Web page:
In mechanical terms, a flywheel is a wheel so heavy it takes significant effort to start turning. Keep applying force, though, and it builds momentum -- and in time becomes more stable while helping itself turn faster and faster.

In Good to Great, Jim Collins applied the premise to business, showing how a company's flywheel is a self-reinforcing loop made up of a few key initiatives that both feed and drive each other.

One obvious example: Amazon. Here's how Brad Stone describes an early version of Amazon's flywheel in The Everything Store:

...Bezos and his lieutenants sketched their own virtuous cycle, which they believed powered their business. It went something like this: Lower prices led to more customer visits. More customers increased the volume of sales and attracted more commission-paying third-party sellers to the site. That allowed Amazon to get more out of fixed costs like the fulfillment centers and the servers needed to run the website. This greater efficiency then enabled it to lower prices further.

Feed any part of this flywheel, they reasoned, and it should accelerate the loop.

A less obvious example? Dwayne Johnson.

Early on, Johnson didn't have a flywheel. But as The Rock, what he did have was a talent for professional wrestling: in-ring, on mic, behind the scenes. Every aspect. He leveraged those skills, and the resulting popularity, to earn TV roles and his eventual breakout role in The Mummy Returns. 

But what you might not know is that he and 7 Bucks Productions co-founder Dany Garcia leveraged wrestling and acting to build a production company that creates original releases for film, TV, and digital platforms. Acting fueled the production company, which in turn fueled his acting career. (Why not develop or co-develop some of the projects you're in?)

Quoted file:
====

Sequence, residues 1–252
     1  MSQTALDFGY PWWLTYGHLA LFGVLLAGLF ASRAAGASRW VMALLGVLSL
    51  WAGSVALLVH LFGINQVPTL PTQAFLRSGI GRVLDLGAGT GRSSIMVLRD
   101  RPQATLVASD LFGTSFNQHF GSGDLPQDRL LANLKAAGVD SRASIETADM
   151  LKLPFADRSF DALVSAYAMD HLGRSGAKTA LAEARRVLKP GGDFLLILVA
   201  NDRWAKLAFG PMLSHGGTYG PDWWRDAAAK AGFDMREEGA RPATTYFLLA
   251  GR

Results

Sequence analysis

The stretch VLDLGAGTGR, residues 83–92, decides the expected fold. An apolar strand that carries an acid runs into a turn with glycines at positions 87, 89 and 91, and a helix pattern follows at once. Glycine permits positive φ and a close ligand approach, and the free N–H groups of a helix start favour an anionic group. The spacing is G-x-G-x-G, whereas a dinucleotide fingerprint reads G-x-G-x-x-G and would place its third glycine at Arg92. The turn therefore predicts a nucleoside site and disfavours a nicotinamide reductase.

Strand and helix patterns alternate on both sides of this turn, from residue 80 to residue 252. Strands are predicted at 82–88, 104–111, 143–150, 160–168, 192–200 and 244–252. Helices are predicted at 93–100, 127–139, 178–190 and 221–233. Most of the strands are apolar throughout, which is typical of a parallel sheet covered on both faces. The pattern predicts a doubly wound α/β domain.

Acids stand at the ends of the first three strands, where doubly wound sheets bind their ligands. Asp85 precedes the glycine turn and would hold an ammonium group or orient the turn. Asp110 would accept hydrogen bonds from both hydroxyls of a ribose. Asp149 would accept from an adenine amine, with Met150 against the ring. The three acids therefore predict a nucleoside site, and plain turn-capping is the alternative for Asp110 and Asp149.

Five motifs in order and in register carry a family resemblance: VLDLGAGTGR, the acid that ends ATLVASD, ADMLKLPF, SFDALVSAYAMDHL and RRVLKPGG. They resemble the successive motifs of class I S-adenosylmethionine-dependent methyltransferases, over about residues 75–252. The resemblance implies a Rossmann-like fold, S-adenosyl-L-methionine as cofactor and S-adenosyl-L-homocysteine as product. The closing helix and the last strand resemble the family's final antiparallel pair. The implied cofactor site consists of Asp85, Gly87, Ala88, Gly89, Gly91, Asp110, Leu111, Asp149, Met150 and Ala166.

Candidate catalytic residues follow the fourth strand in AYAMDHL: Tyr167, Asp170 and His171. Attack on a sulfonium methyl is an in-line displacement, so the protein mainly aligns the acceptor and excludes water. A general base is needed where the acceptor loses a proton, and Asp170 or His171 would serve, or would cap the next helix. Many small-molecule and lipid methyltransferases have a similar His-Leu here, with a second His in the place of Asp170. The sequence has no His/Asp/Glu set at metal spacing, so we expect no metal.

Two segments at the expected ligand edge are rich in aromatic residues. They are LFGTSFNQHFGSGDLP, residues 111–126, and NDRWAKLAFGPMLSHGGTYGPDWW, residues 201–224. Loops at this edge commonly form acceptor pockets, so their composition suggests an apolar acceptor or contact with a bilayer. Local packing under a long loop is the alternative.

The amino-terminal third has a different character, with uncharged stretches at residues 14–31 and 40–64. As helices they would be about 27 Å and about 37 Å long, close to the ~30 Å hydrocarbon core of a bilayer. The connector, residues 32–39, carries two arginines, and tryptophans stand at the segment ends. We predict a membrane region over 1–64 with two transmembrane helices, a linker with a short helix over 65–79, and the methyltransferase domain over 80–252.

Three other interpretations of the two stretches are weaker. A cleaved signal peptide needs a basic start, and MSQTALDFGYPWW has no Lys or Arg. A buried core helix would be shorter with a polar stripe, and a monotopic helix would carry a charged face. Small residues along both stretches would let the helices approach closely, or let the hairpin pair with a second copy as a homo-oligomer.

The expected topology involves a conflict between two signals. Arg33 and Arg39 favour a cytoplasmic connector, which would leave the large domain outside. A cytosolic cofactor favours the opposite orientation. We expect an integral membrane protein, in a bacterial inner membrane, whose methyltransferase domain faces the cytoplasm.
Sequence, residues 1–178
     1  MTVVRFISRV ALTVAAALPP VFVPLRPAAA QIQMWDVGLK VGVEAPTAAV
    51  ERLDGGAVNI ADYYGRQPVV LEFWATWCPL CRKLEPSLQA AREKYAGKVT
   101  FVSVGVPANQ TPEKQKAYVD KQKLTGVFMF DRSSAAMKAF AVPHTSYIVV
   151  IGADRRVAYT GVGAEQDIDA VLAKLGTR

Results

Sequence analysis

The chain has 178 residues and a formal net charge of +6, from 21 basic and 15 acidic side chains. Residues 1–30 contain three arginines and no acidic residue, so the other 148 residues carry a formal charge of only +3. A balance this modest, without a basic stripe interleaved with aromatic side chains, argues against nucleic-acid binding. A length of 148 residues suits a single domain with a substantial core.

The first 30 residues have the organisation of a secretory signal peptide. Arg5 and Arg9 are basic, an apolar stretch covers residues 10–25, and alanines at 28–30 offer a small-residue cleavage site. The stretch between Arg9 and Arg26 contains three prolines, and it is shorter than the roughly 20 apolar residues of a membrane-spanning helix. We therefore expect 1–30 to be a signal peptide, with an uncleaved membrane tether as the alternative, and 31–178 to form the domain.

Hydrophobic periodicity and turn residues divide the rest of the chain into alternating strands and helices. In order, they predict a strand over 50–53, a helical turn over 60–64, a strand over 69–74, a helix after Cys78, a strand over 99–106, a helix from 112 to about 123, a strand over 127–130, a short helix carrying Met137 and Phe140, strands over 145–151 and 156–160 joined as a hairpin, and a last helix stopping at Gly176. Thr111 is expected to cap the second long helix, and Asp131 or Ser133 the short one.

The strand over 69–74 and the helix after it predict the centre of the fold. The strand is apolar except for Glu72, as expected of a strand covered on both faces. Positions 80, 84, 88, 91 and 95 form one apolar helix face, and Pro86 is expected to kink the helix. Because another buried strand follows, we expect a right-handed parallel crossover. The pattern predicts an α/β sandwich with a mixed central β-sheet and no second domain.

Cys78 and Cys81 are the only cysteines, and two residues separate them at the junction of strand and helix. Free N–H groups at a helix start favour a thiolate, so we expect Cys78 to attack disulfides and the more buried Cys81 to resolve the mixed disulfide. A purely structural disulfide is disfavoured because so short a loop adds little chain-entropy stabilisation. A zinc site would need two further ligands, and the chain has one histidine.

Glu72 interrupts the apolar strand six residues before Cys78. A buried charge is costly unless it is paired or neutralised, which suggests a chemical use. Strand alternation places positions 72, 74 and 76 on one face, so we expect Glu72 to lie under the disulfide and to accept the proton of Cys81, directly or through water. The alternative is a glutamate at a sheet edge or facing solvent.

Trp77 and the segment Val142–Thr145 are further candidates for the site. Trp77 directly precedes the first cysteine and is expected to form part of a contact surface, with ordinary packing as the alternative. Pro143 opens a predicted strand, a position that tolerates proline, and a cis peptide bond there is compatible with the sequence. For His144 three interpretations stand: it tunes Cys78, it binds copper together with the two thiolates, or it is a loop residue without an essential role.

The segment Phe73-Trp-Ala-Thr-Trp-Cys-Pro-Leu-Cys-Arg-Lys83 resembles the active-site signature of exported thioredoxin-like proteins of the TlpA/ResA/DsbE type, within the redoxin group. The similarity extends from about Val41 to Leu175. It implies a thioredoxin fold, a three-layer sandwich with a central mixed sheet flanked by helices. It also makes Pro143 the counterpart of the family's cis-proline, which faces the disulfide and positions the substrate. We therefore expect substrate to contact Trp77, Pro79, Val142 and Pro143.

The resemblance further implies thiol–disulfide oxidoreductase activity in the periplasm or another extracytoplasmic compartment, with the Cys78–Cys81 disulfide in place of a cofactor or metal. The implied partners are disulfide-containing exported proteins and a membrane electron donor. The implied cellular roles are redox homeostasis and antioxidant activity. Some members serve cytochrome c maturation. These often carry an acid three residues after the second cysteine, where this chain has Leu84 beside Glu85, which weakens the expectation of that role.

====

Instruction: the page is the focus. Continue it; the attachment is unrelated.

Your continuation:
All of which, in turn, helped fuel outside business interests. Like an athletic wear collaboration with Under Armour. Like ZOA, the top-selling new energy drink of 2021

And most notably Teremana Tequila, a spirits brand launched last March that sold over 600,000 cases, making it the biggest 12-month new-to-market brand debut ever.

That success can be partly tied to relationships with leading importer Mast-Jagermeister U.S. and Southern Glazer's Wine & Spirits distributors. That success can also be tied to the brand's taste and accessible price point. (If you like, think of Teremana as "The People's Tequila.")

But that success is also a result of Johnson's now-advanced flywheel. He's the top-grossing actor in the world. (The recently released Red Notice gathered a record-breaking 330 million views on Netflix and hit the service's top 10 rankings in 94 countries.) On social media, his more than 290 million followers make him the most-followed American in the world. 

Acting fuels social media and business, which in turn fuel acting: Not just in terms of box office and followers and revenues, but also in terms of relationships and partnerships.

More naturally begets more: Additional force to any one input on his flywheel creates more of every input on his flywheel. Case in point: Mast-Jagermeister just announced it will become an investor in Teremana, a move designed to further foster the brand's global expansion and distribution.

All of which, if you do the math and apply a few assumptions, likely means Johnson's flywheel has made him a billionaire. George Clooney sold his Casamigos brand for a deal worth $1 billion ($700,000 up front and an additional $300 million if certain sales targets are hit). At that time, Casamigos had sold 120,000 cases the previous year.

Compare that to Teremana's 600,000-plus cases sales in its first year and, even though the price points -- and possibly margins -- are different, the potential is arguably much greater. Lower cost typically leads to broader appeal, which should make it easier for Teremana to leverage its extensive distribution network to expand into other lines and territories.

And of course there's Johnson himself, whose constantly growing on-screen and social-media popularity -- along with his prodigious ability to authentically connect with millions of people -- helps drive brand awareness and brand affinity.

Granted, those are all assumptions. But they're pretty good ones. So yeah: Dwayne Johnson, master of the flywheel -- and as a result, likely billionaire.

I know what you're thinking. "Interesting. But how does that apply to me?"

Here's how. If you only have one primary initiative or area of focus -- whether in business or in your personal life -- what happens when the momentum from that initiative inevitably stalls?

The key is to build a flywheel that, when you feed any part of it, naturally accelerates the entire loop.

Don't feel bad if your flywheel is currently missing a facet or two. Once upon a time, Johnson's was. Just make sure you start working to create your own self-reinforcing wheel.

Because when you do can make your business or personal life really roll.